Jack Andrus (Kirk Douglas) was an actor until he had a nervous breakdown and was admitted into a facility where he was slowly getting better. Then an invitation reaches him from director Maurice Kruger (Edward G. Robinson): he should come to Rome, where Kruger is working on a movie in which Jack could have a small part. Jack can’t resist and so he finds himself in Rome for two weeks. But things there aren’t all fun and games: Kruger and his wife Clara (Claire Trevor) are constantly fighting, the film’s young star Davie (George Hamilton) is erratic, and Jack’s ex Carlotta (Cyd Charisse) is also in town and immediately on Jack’s case. But maybe that’s just what he needs.
I really liked this movie. It’s a tad campy in parts and the ending is overblown, but somehow it all works wonderfully anyway.
Jonathan Shields (Kirk Douglas) is a once-great producer who has fallen from grace. In a last attempt to resurrect his career, he calls in an actress (Lana Turner), a writer (Dick Powell) and a director (Barry Sullivan) he helped to make into stars. But all three of them are very reluctant to help Shields since he betrayed all of them in turn. While they think about it, their first encounters with Shields are retold.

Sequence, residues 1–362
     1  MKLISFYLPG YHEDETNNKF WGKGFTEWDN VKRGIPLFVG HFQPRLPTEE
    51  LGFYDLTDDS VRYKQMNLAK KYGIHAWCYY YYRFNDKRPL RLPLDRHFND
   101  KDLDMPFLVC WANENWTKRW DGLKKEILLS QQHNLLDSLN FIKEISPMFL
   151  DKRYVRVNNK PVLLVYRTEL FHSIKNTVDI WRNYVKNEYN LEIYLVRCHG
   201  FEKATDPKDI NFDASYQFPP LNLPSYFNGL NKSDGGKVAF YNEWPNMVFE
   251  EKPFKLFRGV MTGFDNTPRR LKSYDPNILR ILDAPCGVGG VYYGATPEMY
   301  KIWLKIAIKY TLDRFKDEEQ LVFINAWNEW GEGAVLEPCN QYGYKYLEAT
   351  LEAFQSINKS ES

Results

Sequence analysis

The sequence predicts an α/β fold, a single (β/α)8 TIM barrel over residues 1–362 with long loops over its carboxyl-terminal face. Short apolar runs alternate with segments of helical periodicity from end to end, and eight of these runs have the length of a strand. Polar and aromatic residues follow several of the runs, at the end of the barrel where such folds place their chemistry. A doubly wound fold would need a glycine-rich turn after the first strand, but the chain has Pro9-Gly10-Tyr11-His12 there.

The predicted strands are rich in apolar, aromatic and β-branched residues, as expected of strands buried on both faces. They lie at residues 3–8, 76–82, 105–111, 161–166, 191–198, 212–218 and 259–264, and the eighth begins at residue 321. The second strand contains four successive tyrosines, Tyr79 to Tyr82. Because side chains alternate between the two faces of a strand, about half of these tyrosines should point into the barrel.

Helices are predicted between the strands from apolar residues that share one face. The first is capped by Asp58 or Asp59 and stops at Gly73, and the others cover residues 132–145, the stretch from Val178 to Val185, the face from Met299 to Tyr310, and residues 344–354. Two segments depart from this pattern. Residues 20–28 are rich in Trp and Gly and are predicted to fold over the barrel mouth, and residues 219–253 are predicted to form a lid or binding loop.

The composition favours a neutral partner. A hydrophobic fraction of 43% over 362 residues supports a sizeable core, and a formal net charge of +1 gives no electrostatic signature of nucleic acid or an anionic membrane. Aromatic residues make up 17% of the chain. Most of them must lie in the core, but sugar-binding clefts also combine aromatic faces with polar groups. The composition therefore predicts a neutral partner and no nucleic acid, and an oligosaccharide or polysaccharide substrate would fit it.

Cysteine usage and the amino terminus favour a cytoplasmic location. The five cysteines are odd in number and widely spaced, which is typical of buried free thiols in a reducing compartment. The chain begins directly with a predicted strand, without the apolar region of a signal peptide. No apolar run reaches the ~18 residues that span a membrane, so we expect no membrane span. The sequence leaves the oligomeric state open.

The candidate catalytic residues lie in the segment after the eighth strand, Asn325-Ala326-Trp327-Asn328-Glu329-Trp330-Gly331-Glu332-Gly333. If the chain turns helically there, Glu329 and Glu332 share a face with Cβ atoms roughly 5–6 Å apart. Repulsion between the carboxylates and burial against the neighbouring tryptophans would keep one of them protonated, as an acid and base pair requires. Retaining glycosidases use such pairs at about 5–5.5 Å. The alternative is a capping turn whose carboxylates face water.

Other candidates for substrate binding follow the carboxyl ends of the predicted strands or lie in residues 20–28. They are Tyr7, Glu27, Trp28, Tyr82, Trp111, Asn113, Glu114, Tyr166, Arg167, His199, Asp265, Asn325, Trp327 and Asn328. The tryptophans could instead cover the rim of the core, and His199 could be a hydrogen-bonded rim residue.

The movie has its weaknesses, but altogether I really, really liked it. Mostly due to Kirk Douglas, Gloria Grahame and Vincente Minnelli’s beautiful direction.
Wade Hunnicutt (Robert Mitchum) dominates not only his entire family but basically his entire town, where he has slept with almost the entire female population. His wife Hannah (Eleanor Parker) tolerates it and compensates by doting on their son Theron (George Hamilton). But when Theron tries to get out from under his mother’s wing, he turns to his father and his father’s loyal employee Rafe (George Peppard) and gets his first hunting lessons.
I went into the film not knowing much about it [I had totally forgotten why I wanted to see it and therefore reserved a ticket – I didn’t even know the general plot anymore], so I wasn’t entirely certain what to expect. That means that for the first bit of the film I was a bit unsure because nothing much happened. But once I realized that this was just a family story and stopped waiting for the big events, I absolutely fell in love with the film.